Vinegar uses for each room of your house
– the cheapest cleaner ever
“Vinegar is the cleaning answer to housework and the healthy answer to wellness”
There are so many vinegar uses. It’s great to use as a natural cleaning agent, for cooking and health purposes.
For ease of use, keep a bottle of white distilled vinegar and a spray bottle of diluted vinegar, in your cleaning cupboard. Also, have a bottle of organic vinegar for health purposes.
Benefits of using vinegar
- cheap – no need to buy individual cleaners as vinegar has multiple uses
- safe – unlike chemical cleaners, it’s safe to digest (cooking/health) and inhale (cleaning)
- tried and tested – successfully used for many years
- biodegradable – mild organic acid
- antimicrobial – the organic acids pass into cell membranes to kill bacteria
- antioxidant – helps ward off oxidative stress and fights free radicals of aging
- anti-glycemic – great for diabetics as it has a beneficial effect on blood sugar levels
- high in acetic acid – increases your body’s absorption of important minerals.
Vinegar has so many uses and an almost indefinite shelf-life
I recently noticed that vinegar is now being packaged in plastic bottles rather than glass, which means it’ll last even longer as there’ll be less chance of it being dropped and broken!
Why does vinegar work so well for cleaning?
Vinegar contains acetic acid. When diluted in water, the acetic acid breaks apart and the hydrogen molecules bond with the other molecules it comes into contact with. When we use vinegar to clean, the hydrogen bonds with and removes the dirt and bacteria.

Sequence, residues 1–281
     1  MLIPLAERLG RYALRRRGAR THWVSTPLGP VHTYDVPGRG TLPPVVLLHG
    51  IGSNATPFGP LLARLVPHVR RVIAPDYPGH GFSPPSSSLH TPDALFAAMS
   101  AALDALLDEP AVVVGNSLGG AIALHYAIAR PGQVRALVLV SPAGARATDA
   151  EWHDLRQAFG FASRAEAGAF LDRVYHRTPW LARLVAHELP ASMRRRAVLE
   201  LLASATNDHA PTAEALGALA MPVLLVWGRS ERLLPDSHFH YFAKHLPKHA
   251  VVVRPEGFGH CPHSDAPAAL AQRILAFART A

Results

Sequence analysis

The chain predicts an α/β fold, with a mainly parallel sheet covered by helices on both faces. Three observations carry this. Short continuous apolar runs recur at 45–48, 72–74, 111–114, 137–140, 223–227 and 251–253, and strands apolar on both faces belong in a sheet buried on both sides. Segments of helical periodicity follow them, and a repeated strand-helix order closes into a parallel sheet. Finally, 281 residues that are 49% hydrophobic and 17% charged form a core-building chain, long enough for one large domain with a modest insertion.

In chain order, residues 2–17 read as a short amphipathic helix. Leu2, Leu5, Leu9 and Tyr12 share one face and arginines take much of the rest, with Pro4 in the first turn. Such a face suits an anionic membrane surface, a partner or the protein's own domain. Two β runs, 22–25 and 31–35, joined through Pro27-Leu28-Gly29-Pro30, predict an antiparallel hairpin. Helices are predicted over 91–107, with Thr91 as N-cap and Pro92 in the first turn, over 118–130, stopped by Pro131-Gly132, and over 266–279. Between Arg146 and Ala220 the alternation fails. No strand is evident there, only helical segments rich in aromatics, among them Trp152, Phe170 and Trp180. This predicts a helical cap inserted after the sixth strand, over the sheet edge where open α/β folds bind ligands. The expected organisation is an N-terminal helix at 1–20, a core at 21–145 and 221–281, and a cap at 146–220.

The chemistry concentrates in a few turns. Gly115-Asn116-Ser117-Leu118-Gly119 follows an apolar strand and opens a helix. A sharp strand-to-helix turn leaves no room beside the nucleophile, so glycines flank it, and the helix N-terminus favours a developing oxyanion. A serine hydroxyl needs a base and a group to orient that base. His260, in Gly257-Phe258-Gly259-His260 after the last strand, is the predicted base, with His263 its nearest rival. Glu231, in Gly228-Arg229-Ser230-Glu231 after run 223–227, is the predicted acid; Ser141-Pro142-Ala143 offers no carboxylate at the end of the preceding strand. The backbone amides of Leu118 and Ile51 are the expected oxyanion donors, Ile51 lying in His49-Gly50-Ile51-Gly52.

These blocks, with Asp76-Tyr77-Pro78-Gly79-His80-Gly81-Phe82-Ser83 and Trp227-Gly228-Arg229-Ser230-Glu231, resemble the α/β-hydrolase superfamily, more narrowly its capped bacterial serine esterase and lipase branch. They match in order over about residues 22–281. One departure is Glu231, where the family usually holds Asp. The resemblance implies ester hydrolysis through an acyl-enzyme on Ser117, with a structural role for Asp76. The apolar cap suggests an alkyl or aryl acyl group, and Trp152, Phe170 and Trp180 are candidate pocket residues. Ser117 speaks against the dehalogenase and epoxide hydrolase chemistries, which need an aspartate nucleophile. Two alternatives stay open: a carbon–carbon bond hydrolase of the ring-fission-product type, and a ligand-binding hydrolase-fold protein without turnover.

One study showed vinegar kills 99 percent of surface bacteria, 80 percent of germs, and 82 percent of moulds on a counter.
A random list of 25 lesser known vinegar uses
The internet has quite a few articles about using vinegar. Whilst searching, I came across Inger Soto’s article of 131 Vinegar Uses with stacks of ideas for ways you can use vinegar.
Here’s some that caught my attention:
- use vinegar to get rid of weeds or unwanted grass
- add a 2:3 tablespoon mix of vinegar/sugar to the water in a vase, for the flowers to last longer
- put a 3:1 solution of vinegar/water on car windows, to keep them frost-free overnight
- clean windows with diluted vinegar, and wipe dry with newspaper for no streaks
- wipe spectacle lenses with vinegar to keep clean and clear
- add 2 tablespoons of vinegar to bath water to relieve dry and itchy skin
- swallow one tablespoon of vinegar to stop hiccups instantly
- gargle with vinegar to ease a sore throat
- freshen and clean the empty washing machine with a cup of vinegar on a full cycle
- freshen a wool jumper by rinsing it in a 1:1 vinegar/water solution to remove odours
- remove dark burn stains from a cold iron plate by rubbing it with a 1:1 mix of heated vinegar/salt
- freshen wilted vegetables by soaking them in a solution of 2 cups of water and a tablespoon of vinegar
- remove hard water stains by holding a cloth soaked in vinegar over the stains
- clean chopping boards with vinegar
- make fluffier rice by adding a teaspoon of vinegar when it boils
- place a small bowl of vinegar in a room as an air freshener
- hold a cloth soaked in vinegar over stickers for easy removal
- use a 1:1 solution of vinegar/water in a spray bottle to clean chrome and plastic bathroom fittings
- lessen the grease buildup in your oven by cleaning it with vinegar and water
- add a half cup of vinegar to the washing machine rinse cycle to brighten clothing colours
- sprinkle a little vinegar on your food to lessen your appetite
- rub vinegar on deodorant stains before washing clothes
- wipe your hands with vinegar to remove onion or garlic odour, and fruit stains
- use vinegar and water to clean kitchen surfaces
- use 1:1 vinegar/water as a rinse to condition and detangle your hair
Infographic of even more vinegar uses
Staying with the same theme, here’s a pinnable infographic by FIX.com called Clever Uses for Vinegar. It includes visual examples of even more clever ways you can use vinegar to clean throughout your house, as well as explaining the science and history of vinegar use.
Note: this review is a general resource, not intended to be professional advice.
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